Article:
JP Morgan Chase stockholder Michael C. Davidson is trying to get the Securities and Exchange Commission to approve his proposal to break the bank up. If the SEC allows it, the proposal will go to the bank’s shareholders. JPMorgan is one of the “too big to fail” banks US taxpayers had to bail out in 2008. The SEC adjudicates disputes between investors who want shareholders to vote on proposals during annual shareholder meetings, and companies who don’t want those proposals coming up.

Davidson’s proposal recommends splitting the company’s commercial bank operations from its investment banking and asset management units. He told the New York Times that huge raises given to management, including $13 billion the shareholders had to pay out in federal fines and huge bonuses to upper management including CEO Jamie Dimon, means the company is not looking out for its investors.

JPMorgan responds that the proposal falls in an area of business where shareholders have no standing. Even if the SEC agrees to let the proposal come to a vote and shareholders pass it, it wouldn’t be legally binding on the company, but it would force the board of directors to listen.

Note: an earlier version of this story put an “m” where a “b” should have been; JPMorgan paid $13 billion in fines, not $13 million.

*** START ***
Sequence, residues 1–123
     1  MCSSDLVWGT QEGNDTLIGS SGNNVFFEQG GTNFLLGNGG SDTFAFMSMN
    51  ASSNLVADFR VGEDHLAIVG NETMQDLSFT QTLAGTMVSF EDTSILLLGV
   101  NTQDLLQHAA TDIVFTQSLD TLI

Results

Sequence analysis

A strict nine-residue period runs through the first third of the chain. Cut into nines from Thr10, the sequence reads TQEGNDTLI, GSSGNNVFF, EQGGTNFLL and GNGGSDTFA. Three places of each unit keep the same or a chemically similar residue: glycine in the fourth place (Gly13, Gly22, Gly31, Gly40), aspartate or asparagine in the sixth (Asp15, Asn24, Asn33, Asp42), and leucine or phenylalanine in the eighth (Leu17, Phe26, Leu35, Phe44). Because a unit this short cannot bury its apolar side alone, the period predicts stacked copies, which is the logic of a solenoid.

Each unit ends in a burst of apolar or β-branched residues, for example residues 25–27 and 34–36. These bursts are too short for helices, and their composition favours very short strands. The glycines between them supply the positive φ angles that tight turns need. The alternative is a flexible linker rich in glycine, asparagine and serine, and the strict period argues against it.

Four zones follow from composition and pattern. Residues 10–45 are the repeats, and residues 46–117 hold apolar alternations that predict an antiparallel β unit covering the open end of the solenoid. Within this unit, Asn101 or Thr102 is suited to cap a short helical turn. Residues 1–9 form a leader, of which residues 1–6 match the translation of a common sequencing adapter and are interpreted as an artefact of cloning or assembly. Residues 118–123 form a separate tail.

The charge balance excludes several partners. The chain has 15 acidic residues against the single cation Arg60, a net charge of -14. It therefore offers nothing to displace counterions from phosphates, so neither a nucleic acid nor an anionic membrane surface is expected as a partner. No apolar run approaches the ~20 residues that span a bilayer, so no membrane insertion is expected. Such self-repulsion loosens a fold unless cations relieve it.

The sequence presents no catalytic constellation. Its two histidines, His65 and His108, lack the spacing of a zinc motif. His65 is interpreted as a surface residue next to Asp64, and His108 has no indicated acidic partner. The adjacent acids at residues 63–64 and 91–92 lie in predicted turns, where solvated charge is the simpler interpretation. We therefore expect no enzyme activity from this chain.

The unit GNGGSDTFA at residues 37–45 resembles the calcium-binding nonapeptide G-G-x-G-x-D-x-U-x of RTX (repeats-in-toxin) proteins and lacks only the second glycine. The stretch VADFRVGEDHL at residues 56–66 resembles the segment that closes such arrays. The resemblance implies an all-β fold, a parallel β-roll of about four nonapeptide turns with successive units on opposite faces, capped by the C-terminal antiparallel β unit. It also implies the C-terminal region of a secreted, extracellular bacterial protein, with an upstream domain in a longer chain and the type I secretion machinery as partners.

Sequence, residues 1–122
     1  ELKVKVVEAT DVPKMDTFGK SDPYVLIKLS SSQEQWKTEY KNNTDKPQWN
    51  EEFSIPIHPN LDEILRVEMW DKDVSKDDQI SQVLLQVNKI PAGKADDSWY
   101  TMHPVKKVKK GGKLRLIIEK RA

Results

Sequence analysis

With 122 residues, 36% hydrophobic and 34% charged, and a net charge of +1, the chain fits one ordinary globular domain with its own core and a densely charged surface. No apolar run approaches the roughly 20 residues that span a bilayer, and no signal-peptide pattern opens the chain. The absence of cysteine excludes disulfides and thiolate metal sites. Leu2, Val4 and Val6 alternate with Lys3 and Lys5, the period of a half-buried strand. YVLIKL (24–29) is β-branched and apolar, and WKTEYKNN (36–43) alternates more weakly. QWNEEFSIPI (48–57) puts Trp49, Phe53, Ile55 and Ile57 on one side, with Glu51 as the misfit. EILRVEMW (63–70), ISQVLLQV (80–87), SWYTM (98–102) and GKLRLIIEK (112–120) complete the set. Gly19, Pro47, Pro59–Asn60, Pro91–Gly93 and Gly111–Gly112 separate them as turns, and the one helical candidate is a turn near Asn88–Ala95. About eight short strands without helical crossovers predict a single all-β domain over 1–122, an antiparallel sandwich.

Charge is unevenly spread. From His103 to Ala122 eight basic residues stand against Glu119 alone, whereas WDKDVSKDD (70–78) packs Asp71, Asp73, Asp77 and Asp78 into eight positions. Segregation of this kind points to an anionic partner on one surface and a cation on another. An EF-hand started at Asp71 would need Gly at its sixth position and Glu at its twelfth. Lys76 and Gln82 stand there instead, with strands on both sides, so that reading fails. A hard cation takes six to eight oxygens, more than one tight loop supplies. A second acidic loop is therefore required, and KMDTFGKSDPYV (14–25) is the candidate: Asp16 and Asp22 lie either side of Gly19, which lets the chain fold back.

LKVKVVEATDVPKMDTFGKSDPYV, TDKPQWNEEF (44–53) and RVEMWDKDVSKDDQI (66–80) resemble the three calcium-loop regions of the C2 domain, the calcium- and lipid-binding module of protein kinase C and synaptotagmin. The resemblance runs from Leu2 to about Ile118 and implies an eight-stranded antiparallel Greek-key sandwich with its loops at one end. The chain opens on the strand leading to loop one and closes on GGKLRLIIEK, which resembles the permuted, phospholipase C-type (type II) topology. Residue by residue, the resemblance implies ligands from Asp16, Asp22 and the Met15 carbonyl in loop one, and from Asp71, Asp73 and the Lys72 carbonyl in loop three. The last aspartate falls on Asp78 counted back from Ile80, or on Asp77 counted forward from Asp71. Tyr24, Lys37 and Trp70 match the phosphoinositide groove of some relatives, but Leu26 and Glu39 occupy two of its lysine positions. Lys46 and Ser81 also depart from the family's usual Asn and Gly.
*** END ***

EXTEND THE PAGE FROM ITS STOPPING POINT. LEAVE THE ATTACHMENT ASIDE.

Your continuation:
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3 replies
  1. Gary Jarvis
    Gary Jarvis says:

    This article, concerning the proposal to break up JP Morgan Chase, hugely understated the amount paid by that bank in fines… The article stated that the fines paid were “13 Million”, when in fact, the fines levied were $13 BILLION!

    Gary Jarvis,
    Sweet Home

    Reply
    • Lynn Siprelle
      Lynn Siprelle says:

      Gary, thank you. I’ve corrected it. (In my defense it was more of a typo than a misstatement of fact, but I missed it in editing and…there you have it. I’m embarrassed.)

      Reply
      • Gary Jarvis
        Gary Jarvis says:

        Lynn, you are welcome… It just kind of jumped out at me. No need to be embarrassed, we all make similar typos… I used to write regular columns in my local union’s newsletter (as president), and was amazed at how often, even after proof-reading several times, I made similar typos!

        Reply

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